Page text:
Watch wealth work.
Here's how the plutocrats do it.
They go to Davos and talk about charity, Africa-saving, inequality.
This elevates them from mere businesspeople to sages. Then they use that loftier platform to stealth-lobby against policies that help others but hurt them.
I don't think this move is well enough understood. It's a multi-step dance, and it fools journalists and others.
We get fooled by looking at the marginal good act. The nice project.
We don't see how each act is part of a weather system of self-preservation.
A businessperson sitting in their boardroom or at home in Greenwich, Connecticut, tweeting or giving a speech about their views on tax rates would be seen as self-interested.
It's not very effective. Straightforward lobbying is also hamstrung by the fact that everyone knows when it's happening. It is disclosed.
Enter Davosplaining. This solves the problem by giving plutocrats a way to, first, elevate themselves, and then fight for their interests.
Inequality panels. Africa rescuing. Future-of-work discussions. Toasts to the importance of a free press.
The atmosphere at these summits gives businesspeople a moral glow. They aren't there to do business. They're there to help lead the search for fixes to our biggest problems.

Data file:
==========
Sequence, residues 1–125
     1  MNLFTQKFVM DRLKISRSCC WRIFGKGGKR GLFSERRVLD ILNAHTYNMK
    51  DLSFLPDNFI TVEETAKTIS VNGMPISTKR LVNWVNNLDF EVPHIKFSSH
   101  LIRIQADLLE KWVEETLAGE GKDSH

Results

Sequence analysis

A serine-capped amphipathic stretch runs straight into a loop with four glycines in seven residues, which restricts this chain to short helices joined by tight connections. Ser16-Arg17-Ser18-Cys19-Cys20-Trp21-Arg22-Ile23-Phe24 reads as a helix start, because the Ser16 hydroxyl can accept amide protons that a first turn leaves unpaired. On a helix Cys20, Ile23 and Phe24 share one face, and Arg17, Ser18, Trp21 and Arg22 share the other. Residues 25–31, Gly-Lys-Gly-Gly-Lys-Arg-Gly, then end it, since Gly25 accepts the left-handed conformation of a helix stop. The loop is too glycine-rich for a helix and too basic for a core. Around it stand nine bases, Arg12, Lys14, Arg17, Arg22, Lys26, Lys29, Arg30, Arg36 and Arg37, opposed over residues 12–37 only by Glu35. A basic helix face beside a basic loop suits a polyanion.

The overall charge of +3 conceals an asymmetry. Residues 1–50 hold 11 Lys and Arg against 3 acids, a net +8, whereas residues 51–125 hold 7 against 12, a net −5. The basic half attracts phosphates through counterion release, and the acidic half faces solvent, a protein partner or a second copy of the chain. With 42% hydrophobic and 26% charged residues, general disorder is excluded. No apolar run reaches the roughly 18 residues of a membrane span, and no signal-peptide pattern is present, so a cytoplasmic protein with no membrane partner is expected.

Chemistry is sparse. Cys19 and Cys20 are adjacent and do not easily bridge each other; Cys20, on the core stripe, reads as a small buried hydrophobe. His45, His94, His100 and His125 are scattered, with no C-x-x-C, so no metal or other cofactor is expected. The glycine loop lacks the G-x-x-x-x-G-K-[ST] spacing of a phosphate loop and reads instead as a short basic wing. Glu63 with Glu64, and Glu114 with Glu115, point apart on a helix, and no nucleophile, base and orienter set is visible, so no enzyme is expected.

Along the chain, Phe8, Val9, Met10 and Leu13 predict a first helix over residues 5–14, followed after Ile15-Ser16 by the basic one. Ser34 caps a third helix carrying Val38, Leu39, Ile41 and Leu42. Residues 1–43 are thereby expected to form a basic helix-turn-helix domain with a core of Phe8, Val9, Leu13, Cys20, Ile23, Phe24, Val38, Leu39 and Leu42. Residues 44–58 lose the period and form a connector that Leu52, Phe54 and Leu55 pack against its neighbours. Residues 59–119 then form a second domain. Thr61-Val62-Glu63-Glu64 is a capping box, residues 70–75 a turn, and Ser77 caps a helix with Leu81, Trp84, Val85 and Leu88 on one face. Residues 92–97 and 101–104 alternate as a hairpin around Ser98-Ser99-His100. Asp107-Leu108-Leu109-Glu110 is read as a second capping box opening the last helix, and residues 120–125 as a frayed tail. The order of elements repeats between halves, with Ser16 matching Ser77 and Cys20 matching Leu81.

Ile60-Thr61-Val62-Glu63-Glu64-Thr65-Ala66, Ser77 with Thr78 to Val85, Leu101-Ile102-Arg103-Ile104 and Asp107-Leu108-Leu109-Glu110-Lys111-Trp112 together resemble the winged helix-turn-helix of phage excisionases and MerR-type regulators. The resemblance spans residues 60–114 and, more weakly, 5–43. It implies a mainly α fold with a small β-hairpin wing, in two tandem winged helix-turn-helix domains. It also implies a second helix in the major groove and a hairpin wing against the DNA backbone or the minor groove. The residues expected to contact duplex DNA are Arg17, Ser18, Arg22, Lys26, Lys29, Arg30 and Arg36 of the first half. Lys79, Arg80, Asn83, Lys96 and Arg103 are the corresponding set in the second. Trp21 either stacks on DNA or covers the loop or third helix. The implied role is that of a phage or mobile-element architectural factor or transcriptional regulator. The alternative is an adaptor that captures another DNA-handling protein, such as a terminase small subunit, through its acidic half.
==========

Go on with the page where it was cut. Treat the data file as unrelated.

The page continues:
And it works. I cannot tell you -- and I don't need to -- how many journalists who are fierce interrogators when faced with the powerful in New York and San Francisco turn bashful at the summits.
They get into the vibe that these people are changing the world. Or trying.
So they pay lots of money to go to a conference. That conference transforms their image from people trying to make a buck to people trying to heal the world.
And now they are being heard as sages, as wise people, as people who care.
This is when the predation begins.
That rich guy tweeting, enrobed, from his living room in Connecticut about @AOC's tax plan wouldn't be heard.
But now, in the highest town in Europe, he has received a makeover. He is a "leader" worried about our shared challenges.
And so when he goes after a plan to raise taxes on people's ten millionth dollar and beyond, he is heard not as a rich guy playing self-defense in defiance of the common welfare.
He is heard as a person who wants what's best for the world he "leads."
This is so important to understand if you don't know how these people work.
I have fielded 100 questions this week about "What's wrong with them hanging out in the alps?"
What's wrong is that the gathering occasions covert-action lobbying.
Saving Africa is the excuse to get together in Switzerland. It's the thing that gets journalists to cover them.
And with everyone there and captive, the other shoe drops. They call critics Communists, they laugh off public anger, they fight for low taxes.
And we enable them.
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